Display Mishaps Require Testing
On the Scene E-Newsletter, Edition 113, April 12, 2010
It happens more often than you think. Displays and end caps in grocery, department and convenience stores allegedly fall and injure people. Many parties claim they were just walking by the display and the items unexpectedly fell on them. Did the items fall without contact or was there human intervention?
Individuals pushing and shoving one another can cause products to tumble down as passersby accidently fall into the display. On other occasions, individuals pull supporting items from the middle of the stack rather than taking them from the top. This can cause the display to tumble down. Also, incorrectly arranged displays cause instability and collapse with minimal force such as brushing against the stacked items.
The best way to scientifically justify or deny these claims is through testing to surmise if the description of the event is true or false. CED helps attorneys and adjusters decipher truth or fiction by developing testing protocols to replicate the accident scenario then perform worst case scenarios if the reconstruction does not coincide with how the accident was explained.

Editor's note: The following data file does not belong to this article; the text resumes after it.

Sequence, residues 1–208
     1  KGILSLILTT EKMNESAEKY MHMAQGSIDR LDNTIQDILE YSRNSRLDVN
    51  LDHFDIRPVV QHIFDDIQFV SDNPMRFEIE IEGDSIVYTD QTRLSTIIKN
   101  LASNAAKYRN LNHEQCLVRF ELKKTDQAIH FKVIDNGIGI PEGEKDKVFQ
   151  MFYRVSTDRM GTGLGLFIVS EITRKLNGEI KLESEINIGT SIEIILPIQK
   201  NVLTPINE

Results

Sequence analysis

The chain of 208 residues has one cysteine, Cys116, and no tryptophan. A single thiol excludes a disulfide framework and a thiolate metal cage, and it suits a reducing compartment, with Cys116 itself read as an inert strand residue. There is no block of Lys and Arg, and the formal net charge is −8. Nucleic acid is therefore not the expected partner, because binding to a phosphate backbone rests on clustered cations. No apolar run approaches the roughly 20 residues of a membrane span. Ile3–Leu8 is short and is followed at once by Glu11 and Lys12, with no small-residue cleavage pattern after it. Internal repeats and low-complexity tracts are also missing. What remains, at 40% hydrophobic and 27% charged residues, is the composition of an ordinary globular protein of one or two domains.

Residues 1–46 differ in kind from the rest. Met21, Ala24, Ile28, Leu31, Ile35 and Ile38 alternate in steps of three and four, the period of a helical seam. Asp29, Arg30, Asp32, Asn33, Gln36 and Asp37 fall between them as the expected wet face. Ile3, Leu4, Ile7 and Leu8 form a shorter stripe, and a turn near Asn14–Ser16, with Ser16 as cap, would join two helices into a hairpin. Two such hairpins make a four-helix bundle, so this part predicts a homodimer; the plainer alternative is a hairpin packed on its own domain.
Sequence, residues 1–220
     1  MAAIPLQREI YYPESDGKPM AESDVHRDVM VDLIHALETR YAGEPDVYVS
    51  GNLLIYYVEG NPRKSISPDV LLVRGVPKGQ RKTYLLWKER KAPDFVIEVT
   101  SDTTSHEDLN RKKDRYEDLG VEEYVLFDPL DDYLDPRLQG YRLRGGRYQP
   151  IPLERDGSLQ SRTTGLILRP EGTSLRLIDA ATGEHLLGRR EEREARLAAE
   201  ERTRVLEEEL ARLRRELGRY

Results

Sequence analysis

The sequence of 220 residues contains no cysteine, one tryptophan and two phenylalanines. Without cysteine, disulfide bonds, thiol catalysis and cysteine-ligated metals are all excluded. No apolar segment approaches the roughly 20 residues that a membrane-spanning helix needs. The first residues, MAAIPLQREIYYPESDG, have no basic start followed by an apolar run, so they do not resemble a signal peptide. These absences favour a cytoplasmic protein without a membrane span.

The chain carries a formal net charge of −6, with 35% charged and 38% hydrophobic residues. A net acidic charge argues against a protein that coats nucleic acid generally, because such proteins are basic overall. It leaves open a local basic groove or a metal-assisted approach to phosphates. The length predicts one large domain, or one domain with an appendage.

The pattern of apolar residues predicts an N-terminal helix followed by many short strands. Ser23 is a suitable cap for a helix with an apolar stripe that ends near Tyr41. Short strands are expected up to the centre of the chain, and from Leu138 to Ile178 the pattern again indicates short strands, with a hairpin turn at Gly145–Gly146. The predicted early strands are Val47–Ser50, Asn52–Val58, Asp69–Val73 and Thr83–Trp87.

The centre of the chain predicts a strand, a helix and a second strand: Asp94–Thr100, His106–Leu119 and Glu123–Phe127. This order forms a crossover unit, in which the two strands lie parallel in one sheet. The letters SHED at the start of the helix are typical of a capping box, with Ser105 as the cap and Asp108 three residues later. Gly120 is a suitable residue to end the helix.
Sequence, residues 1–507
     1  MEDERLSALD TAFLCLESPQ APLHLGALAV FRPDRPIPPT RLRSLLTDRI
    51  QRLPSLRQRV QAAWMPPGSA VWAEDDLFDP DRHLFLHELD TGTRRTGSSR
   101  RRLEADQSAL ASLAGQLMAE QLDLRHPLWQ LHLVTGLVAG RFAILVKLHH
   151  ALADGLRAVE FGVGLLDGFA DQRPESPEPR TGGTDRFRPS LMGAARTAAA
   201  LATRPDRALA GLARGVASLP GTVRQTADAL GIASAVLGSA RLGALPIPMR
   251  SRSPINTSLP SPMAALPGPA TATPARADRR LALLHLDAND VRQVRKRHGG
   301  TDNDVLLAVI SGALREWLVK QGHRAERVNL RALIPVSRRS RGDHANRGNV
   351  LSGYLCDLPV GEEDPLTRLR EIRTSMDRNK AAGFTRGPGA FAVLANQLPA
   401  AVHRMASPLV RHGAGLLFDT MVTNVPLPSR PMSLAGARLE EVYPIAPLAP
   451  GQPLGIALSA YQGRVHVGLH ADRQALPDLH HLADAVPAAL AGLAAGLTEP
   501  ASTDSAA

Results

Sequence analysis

Our engineers reconstruct these accidents in our test facility by building duplicate displays and applying various forces to the displays to determine stability. As with any testing at CED, the facts must be carefully reviewed before conducting any tests. In lieu of a site inspection, which usually cannot be conducted due to length of time since the incident, photographs, witness statements, accident reports, etc. must be used to fully grasp the accident scenario. From this information, the engineer determines the shape and height of the display as well as the number of items on the display. They also look to see if interlacing, cross hatching or other means of stability augmentation were used.
After gathering all of the information, CED uses it to recreate the display and perform stability tests. The tests can be documented with video, photographs and notes which are used to create a report, answer questions at a deposition, or be viewed by jurors at a trial.
Display testing is only a small part of what CED can accomplish in our test labs. We create testing protocols for our clients as well as maintain access to a myriad of equipment used for testing a variety of products, incidents or accidents.